I’ve mentioned this several times here in the past, but when we brought Jimmie home, he was a very difficult dog. Willy and I had no idea what we were getting into and I think we both had a lot of sorrow still in our hearts after tragically losing Sarah. Navigating Jimmie’s intense separation anxiety was something brand new and not something we were warned about prior to adopting him from someone off craigslist. The boys, though young, clearly picked up on our tension and general disgust and were not so nice with Jimmie. They spoke often about getting rid of him and getting a new dog and they’d hit and yell at him in a childlike fashion that – in hindsight – mirrored our own behavior and feelings of defeat toward Jimmie (minus the hitting, of course).

With that said, the first step in preparing the boys for a new brother or sister has been for Willy and I to touch base and remember what that time was like; to acknowledge that our own behavior was very much noticed and mimicked. A reminder that we are, even though we don’t always feel like it, the first line when it comes to examples of how to behave and respond appropriately.

The newborn phase has never been kind to our relationship as husband and wife. And don’t get me wrong, we have a great relationship; good enough that we’re open to admitting our faults and weaknesses and discussing things that break us down because we’re both under the belief that every relationship has cracks and times of fragility. And so, we both know that we’re prone to bickerments when tired and rundown, when we’re both at the end of our ropes. And surely newborns are pros at tiring us out, running us down, and dangling us from the end of our ropes… leaving us in that desperate survival mode where you’re not doing anything with any sort of conscious intent, but simply reacting with whatever energy reserves you have left.

And when you don’t have an older child, the repercussions for this period are yours and yours alone, as a couple. But when you have older children, or any other child (because dammit even dem’ young ones be pickin’ up on shit) the repercussions are felt by them, too. And mimicked, just like the boys with Jimmie.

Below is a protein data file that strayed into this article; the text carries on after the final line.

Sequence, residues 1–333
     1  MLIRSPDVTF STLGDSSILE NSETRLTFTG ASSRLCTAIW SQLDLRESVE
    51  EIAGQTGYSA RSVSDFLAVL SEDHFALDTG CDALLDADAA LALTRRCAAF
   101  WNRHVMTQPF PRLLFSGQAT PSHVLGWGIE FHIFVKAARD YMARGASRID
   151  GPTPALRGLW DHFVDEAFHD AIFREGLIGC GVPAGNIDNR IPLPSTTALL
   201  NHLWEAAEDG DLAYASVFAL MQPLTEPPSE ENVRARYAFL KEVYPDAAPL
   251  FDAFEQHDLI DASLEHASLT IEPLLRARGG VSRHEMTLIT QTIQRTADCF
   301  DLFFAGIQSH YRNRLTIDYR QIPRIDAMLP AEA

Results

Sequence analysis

So step one, for Willy and I, has been having conversations with one another reminding ourselves of this little truth; reminding ourselves that we are the glue and that to hold our little unit together will take some degree of teamwork and that how we respond to the not-so-easy parts of dealing with a newborn will be noticed and mimicked. The dominos will only fall if we make the first push and if we falter and do make that first nudge, we’ll be picking up more pieces than just the one that we ourselves knock down. So that’s number one, and I feel, the most important step in preparation for us: constant realization of this truth and awareness of our own behavior.

Other notable things we’re doing to help prepare the boys:

-We talk often about how much work caring for a newborn can be. We’ve suggested ways that they can be helpful and it’s elicited a favorable response in that they are now coming up with their own ideas of how they want or feel like they can help. Sure, not all their ideas are good ideas but the fact the wheels are spinning and that their intentions are in the right place is all we really hope for.

-We warn them about how it will affect them and the way they play and how a thousand tiny pieces of legos spread all over the floor will not be allowed in due time. The more we can warn them of how their lives will be affected, the less of a shock it will be when new rules pertaining to the safety of having a newborn with two rambunctious boys will be.

-We include them in whatever preparation we can (which truthfully hasn’t been much because hello lack of preparation when having a third baby). Van helped me tie dye a crib sheet, for example, and we talked about how the baby is going to love going to sleep on a sheet we made him/her. Hooper helped me empty the bottles from the dishwasher and make room on a shelf in the kitchen cabinet for all the bottle supplies (side note: looking at all the bottles and the bottle warmer and the little valve parts and the bottle brushes and the different staged nipples totally stressed me out — can we just skip to the sippy cup stage?).